Saturday, December 15, 2012

God at War: The Bible and Spiritual Conflict

     Greg Boyd (Ph.D., Princeton Theological Seminary) is an Evangelical pastor and a proponent of "Open Theism."  Hardly an advocate of catholicity, I know, yet I'm drawn again to his book, God at War: The Bible and Spiritual Conflict due to the most recent school massacre.
     I found his work when my youngest child, Della, was struck with non-Hodgkin's lymphoma at age 14. Our interest in alternative medicine also began then, as the pediatric oncologists and surgeons nearly killed her twice. They were more of an immediate threat to her life than the cancer. Later, holistic alternative practitioners cured her in six weeks.
     Faced with this catastrophe, the first thing I needed to know was why a 'good' God could let such a thing happen to my daughter and to the many other children we met in pediatric oncology on the 7th floor at UC Davis Medical Center in Sacramento.  I can testify that the most infuriating and insufferable thing a parent can hear is that the pain and suffering of your child is part of the mysterious "good" purposes of God.  Anyone who believes such a thing has lost all credibility with me.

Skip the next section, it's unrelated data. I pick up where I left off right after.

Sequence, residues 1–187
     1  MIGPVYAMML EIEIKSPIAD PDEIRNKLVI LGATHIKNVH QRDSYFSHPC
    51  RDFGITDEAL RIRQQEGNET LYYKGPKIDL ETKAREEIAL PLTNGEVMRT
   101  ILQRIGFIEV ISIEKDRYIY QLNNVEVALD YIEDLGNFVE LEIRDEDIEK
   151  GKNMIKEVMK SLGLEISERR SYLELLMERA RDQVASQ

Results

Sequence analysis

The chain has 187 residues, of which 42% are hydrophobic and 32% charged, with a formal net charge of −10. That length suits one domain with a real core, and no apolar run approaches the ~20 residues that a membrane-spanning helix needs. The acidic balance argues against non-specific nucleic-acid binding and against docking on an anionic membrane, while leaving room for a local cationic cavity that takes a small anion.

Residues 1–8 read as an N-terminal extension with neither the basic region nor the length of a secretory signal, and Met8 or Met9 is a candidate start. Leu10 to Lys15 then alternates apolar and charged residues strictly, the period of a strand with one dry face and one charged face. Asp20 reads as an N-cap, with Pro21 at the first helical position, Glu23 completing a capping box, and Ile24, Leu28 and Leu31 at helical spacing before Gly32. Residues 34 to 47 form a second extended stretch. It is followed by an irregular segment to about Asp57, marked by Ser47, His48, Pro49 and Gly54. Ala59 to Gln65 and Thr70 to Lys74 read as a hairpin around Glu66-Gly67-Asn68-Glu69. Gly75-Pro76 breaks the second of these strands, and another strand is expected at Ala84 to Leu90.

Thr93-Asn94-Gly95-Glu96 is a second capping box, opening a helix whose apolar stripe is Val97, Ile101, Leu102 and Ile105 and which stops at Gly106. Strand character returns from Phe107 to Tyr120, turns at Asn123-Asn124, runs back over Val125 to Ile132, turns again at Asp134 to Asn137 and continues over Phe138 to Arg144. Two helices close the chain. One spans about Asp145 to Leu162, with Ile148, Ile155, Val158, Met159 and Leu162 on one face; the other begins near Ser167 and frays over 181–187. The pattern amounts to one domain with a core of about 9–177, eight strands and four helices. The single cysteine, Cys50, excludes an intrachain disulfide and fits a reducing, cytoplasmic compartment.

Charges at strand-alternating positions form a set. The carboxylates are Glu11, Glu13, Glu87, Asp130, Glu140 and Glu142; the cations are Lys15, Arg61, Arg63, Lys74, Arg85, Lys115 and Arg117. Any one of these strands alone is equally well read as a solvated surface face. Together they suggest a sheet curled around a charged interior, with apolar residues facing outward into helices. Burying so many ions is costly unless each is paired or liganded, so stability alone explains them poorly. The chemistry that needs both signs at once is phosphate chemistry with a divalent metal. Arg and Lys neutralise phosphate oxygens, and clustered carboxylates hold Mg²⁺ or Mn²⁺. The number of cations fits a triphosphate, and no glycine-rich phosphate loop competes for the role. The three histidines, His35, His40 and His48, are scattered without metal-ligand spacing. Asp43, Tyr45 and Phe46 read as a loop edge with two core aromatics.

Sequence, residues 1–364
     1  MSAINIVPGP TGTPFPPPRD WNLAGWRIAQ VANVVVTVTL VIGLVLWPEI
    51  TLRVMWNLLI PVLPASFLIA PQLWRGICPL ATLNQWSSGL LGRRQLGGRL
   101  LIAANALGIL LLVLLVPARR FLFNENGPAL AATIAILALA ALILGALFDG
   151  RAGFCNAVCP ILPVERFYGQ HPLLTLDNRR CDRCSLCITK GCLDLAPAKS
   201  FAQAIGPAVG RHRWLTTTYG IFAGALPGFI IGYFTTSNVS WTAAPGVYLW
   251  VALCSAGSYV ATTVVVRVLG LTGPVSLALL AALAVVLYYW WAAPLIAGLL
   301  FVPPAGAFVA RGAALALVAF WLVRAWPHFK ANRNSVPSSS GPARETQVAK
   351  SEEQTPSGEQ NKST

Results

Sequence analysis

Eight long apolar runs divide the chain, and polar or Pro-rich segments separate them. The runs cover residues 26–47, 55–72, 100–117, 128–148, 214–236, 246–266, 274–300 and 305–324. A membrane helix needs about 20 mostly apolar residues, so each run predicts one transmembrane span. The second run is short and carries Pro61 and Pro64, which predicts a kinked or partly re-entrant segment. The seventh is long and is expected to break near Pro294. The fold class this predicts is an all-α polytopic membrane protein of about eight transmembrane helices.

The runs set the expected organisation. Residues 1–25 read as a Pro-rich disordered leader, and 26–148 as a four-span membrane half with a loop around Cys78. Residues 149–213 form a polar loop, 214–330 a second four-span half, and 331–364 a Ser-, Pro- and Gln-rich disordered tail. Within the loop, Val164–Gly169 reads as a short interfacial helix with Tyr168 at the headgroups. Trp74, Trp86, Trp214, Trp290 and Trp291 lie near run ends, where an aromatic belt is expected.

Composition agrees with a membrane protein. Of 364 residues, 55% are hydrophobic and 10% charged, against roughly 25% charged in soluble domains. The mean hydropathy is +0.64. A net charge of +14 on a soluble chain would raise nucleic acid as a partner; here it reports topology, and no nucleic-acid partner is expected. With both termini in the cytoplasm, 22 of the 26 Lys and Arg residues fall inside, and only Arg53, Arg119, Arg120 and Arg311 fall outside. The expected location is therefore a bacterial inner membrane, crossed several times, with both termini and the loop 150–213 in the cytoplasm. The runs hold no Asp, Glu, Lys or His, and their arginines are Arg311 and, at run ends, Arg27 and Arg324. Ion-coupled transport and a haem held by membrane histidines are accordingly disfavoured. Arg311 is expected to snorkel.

Boyd's work explains that the Bible from beginning to end presupposes spiritual beings who exist "between" humanity and God and whose behavior significantly affects human existence, for better or worse.  We are in the middle of a cosmic battle taking place primarily behind the scenes of physical reality.  Transcendent angelic beings can and do choose to disrupt God's plans.  This situation sounds incredibly bizarre to modern people, but after seeing the horrors of children afflicted with cancer, or hearing now of the Newton massacre, I find that it's the only explanation that can let me believe in a loving God.  Not every evil visited upon innocents is God's will, but God, with the angels and saints, works to bring some good out of everything.
   God at War: The Bible and Spiritual Conflict

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